When it comes to handling credit card debt, many people aren’t aware of the fact that unsettled debt can end up in court. Contrary to what some people may think, creditors have the option of pursuing a debt in a courtroom context if the debtor refuses to take proactive steps to settle his or her unpaid balance. Most creditors, however, prefer to settle the debt without court interference because they have to spend money on attorneys to pursue their claims. When creditors do pursue a debt via lawsuit, they often pursue that debt in small claims court. In this post, we’re going to discuss the basics of small claims court and its significance in the context of credit card debt collection.
Failing to Pay Credit Cards Can Lead to a Lawsuit
If someone misses one or two credit card payments, the chances that he or she will be hauled to court are zero. As mentioned, creditors know that pursuing a debt in the courtroom is really the last option. But, if a debtor consistently fails to make payments on his or her debt, ending up in court is a distinct possibility. Before taking you to court, however, a creditor will pursue other options first, including sending the debt to a third-party collection company. If the collection company’s efforts are unsuccessful, then the debtor will probably receive a court summons. There is no way to predict the timeframe for this type of thing, but few creditors would pursue a lawsuit within the first 6 months of a delinquent account. When it comes to resolving debts, particularly credit card debts, lawsuits are not the usual way of handling things.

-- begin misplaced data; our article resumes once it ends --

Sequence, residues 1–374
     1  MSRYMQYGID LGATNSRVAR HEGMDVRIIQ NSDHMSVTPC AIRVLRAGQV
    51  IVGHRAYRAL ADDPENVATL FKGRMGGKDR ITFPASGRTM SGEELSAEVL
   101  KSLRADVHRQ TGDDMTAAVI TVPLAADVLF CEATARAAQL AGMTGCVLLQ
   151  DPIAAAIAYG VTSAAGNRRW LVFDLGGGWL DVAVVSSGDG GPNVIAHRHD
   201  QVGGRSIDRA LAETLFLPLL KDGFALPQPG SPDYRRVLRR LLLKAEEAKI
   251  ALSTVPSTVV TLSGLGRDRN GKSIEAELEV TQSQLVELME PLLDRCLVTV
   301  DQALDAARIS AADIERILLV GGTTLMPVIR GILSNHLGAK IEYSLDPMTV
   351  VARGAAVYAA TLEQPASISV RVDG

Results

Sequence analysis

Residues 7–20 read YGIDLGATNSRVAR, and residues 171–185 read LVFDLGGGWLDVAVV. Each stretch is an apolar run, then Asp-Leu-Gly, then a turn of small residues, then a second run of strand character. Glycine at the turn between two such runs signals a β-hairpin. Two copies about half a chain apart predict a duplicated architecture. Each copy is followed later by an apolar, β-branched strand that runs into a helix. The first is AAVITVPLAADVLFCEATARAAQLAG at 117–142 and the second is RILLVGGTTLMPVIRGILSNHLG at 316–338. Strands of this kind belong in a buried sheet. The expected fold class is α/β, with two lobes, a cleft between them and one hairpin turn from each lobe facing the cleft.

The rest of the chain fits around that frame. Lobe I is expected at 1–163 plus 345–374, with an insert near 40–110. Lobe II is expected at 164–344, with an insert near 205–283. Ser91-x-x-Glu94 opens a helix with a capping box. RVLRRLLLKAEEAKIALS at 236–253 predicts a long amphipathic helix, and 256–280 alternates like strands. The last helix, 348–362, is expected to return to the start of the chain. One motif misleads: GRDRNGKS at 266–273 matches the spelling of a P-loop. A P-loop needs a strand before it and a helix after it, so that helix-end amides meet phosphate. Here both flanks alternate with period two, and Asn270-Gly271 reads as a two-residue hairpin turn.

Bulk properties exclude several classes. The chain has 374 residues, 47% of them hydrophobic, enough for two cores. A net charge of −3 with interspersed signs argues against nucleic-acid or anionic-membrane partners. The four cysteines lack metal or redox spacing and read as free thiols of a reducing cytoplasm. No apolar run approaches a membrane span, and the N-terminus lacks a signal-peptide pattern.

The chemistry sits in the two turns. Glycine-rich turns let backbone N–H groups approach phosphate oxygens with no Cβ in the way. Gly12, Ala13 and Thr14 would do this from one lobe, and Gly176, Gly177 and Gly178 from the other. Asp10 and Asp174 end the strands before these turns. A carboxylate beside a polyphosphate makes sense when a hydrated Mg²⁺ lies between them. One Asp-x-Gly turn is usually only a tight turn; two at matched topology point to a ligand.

Basics of Small Claims Court
If a creditor does pursue a lawsuit to recover your credit card debt, there is a good chance that the matter will be handled in a small claims court. There are quite a few things which distinguish small claims court from other civil claims courts, but for now we will just highlight the key points. One of the main points is that small claims court has a maximum limit to how much money can be pursued; this is true even if the underlying debt itself is larger than the limit. In Florida, the limit is $8,000, as it is in most jurisdictions. If a creditor chooses to litigate a claim in small claims court, and the underlying debt is $10,000, only $8,000 can be recovered, exclusive of court costs and fees.
In addition to a recovery or damage limit, small claims court is also distinguished by its relatively low level of formality, its speed as compared to normal court, simpler evidentiary rules and procedures, and other things as well. Simply put, if you’re summoned to small claims court, you can expect the matter to be resolved fairly rapidly.
Consider Bankruptcy as an Option
If you’re concerned about being summoned to small claims court, or another court, because of unpaid credit card bills, remember that you have options. There are various ways that you can go about resolving your debt such that your overall financial health is preserved. One option which more people should consider is bankruptcy, as a Chapter 7 can literally wipe out credit card debt altogether in many cases. For more information on that, get in touch with us.
Contact Financial Freedom Advocates for More Information
If you’d like to learn more, please contact Financial Freedom Advocates
for additional information by calling 786-668-6688.